Cage fighting for a cause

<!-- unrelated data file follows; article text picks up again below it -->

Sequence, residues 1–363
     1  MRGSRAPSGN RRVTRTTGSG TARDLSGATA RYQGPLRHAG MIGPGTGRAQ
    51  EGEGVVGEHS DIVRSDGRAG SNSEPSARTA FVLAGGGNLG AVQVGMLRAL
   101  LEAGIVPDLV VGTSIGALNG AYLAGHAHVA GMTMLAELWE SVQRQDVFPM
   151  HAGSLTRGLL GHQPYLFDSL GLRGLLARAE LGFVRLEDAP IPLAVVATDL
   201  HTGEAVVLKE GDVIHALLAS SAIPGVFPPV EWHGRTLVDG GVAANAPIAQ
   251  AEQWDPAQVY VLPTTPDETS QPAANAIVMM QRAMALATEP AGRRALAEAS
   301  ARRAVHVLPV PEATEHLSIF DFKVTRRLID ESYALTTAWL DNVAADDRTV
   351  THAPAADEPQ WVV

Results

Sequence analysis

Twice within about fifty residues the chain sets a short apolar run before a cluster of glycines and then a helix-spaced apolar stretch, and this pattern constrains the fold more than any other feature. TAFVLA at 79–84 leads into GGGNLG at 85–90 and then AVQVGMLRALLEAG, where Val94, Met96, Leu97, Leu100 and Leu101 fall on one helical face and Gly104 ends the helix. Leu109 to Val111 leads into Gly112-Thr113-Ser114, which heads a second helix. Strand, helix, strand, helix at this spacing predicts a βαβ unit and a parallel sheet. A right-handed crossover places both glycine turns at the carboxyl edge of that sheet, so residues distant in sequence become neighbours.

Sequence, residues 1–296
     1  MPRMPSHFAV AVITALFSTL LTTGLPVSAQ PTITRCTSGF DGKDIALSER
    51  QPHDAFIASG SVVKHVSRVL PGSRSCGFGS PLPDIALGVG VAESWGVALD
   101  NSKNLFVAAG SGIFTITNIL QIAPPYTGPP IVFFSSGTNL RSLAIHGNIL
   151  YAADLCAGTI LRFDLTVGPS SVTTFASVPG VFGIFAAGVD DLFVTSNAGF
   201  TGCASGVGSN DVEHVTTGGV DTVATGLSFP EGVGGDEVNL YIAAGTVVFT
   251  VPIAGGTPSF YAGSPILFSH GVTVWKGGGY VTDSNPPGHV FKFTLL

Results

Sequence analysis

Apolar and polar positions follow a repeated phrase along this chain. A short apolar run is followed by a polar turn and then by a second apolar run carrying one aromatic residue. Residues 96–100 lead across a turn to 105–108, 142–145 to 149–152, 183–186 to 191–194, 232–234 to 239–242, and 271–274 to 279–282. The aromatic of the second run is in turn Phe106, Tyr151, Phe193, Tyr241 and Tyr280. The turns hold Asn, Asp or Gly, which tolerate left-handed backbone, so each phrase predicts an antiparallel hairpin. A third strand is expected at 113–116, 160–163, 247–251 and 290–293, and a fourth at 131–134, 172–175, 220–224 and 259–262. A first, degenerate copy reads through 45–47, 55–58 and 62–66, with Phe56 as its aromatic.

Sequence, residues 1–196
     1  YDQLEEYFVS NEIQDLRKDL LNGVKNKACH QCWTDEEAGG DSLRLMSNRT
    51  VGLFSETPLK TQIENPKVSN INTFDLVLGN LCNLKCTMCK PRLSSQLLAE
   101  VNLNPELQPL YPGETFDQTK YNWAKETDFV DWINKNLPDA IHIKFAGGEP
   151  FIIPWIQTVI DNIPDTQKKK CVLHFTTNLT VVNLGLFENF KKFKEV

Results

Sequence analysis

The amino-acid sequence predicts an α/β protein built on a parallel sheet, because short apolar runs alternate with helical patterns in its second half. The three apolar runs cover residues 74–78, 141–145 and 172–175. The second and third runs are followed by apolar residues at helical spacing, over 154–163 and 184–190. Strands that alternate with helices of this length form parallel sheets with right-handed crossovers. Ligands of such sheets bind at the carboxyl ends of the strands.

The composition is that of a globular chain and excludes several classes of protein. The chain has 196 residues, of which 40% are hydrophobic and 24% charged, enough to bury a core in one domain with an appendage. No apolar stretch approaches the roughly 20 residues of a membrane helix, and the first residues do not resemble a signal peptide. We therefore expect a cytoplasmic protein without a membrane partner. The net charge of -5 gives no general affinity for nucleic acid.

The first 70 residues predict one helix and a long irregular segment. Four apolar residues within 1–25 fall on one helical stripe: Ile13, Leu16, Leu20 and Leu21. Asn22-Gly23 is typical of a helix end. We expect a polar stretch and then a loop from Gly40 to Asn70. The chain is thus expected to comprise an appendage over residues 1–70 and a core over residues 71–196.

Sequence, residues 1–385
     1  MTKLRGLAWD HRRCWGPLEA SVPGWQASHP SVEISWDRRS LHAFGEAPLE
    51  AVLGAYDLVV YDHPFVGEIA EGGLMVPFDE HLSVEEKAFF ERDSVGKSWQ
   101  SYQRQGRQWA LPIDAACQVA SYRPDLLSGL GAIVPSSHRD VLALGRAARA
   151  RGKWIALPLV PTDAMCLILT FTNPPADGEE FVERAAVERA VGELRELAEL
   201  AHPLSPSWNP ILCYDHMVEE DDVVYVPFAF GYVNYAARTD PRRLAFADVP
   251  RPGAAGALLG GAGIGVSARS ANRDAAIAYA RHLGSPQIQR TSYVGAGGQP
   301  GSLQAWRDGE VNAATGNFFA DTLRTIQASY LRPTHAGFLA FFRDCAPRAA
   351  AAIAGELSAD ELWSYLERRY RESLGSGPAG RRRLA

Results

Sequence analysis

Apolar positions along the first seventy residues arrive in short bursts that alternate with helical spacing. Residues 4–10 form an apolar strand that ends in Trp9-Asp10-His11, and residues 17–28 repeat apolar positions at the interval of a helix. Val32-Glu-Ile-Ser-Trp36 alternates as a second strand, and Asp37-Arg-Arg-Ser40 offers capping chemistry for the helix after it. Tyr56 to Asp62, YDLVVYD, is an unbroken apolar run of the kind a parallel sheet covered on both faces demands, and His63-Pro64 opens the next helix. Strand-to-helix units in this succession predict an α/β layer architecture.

Brent Chapman of the Red, White and Blue Fire District makes his debut Friday in a cage fight – an event that’s also meant to raise money for disabled former Red, White and Blue firefighter Steve Webster. The bouts start at 7 p.m. (doors at 6) at Red & Jerry’s on Santa Fe Boulevard in Englewood. A portion of Chapman’s ticket sales as well as some of the general proceeds will be donated to Webster. Chapman, from Littleton, has been training in Jui-Jitsu and Muay Thai kickboxing for several years and is excited to debut this weekend. But he’s more excited to let Webster, a Fairplay resident, know the fire district “is looking out for him.” “He’s still part of the family,” Chapman said. “We still love (him) and we’ll still take care of (him).”The fire district also held a December 2009 fundraiser, which collected more than $16,000 for Webster’s medical expenses. Webster suffered a traumatic brain injury in 2007 when he fell snowboarding and hit his head hard on the snowpack. He was wearing a helmet – something he’s thankful for. “Even as bad as he is now, the result of that injury could have been much worse,” long-time friend and Denver resident John Zeising said. It wasn’t until 2009 that he began to experience difficulties in cognitive function, which culminated in a seizure-like episode while at work at the fire department. Now, he’s gone from decades of firefighting, which included lending paramedic and firefighting assistance around the nation – and serving as a pilot of Frisco’s Flight for Life Lifeguard 2 – to being indoors 24 hours a day most of the week with chronic pain.It was difficult to assess the initial symptoms – experts at the Mayo Clinic in Phoenix in 2008 couldn’t make a diagnosis, Zeising said. But in the past six months, doctors have attributed the symptoms to the accident. “He’s not able to get around very well, converse and his memory isn’t good. It’s pretty scary,” Zeising said. Webster experiences severe migraine headaches, which Zeising said are often a 10 out of 10 on the pain scale. They’re coupled with intermittent effects to speech, thought processes, memory and balance – and there’s no known cure. Webster currently sees therapists to try to “re-grow” brain connections that can help with balance, memory and thoughts, Zeising said. And every few months, he’s seeing a new specialist to try to tap into possible remedies. In May, he sees a new neurologist in Denver. Webster also has a rare congenital brain malformation that could be enhancing the symptoms, doctors say. It’s called a Chiari malformation – herniation of the base of the cerebellum that blocks the flow of cerebrospinal fluid in the brain. Problematic symptoms generally show themselves early on in life. Those who aren’t symptomatic in youth generally go through life and never realize they’re affected.”There’s a lot they don’t understand,” said Zeising, who’s been doing his share of research the past two years. Though the event is designed to raise money for Webster’s treatment, it’s also about letting Webster know he’s in the thoughts of fellow firefighters and the rest of the community. “More important than financially, this effort will be important to Steve and his wife (Eileen) emotionally – support-wise,” Zeising said. “Any time a member of the community sends him an email or talks to him, it brightens his day.”To purchase tickets, email Brent Chapman at firstname.lastname@example.org, call (303) 434-6203 or visit http://www.xtremecagewars.com. For more information on providing assistance to Steve Webster, contact John Zeising at email@example.com or (720) 202-2170.
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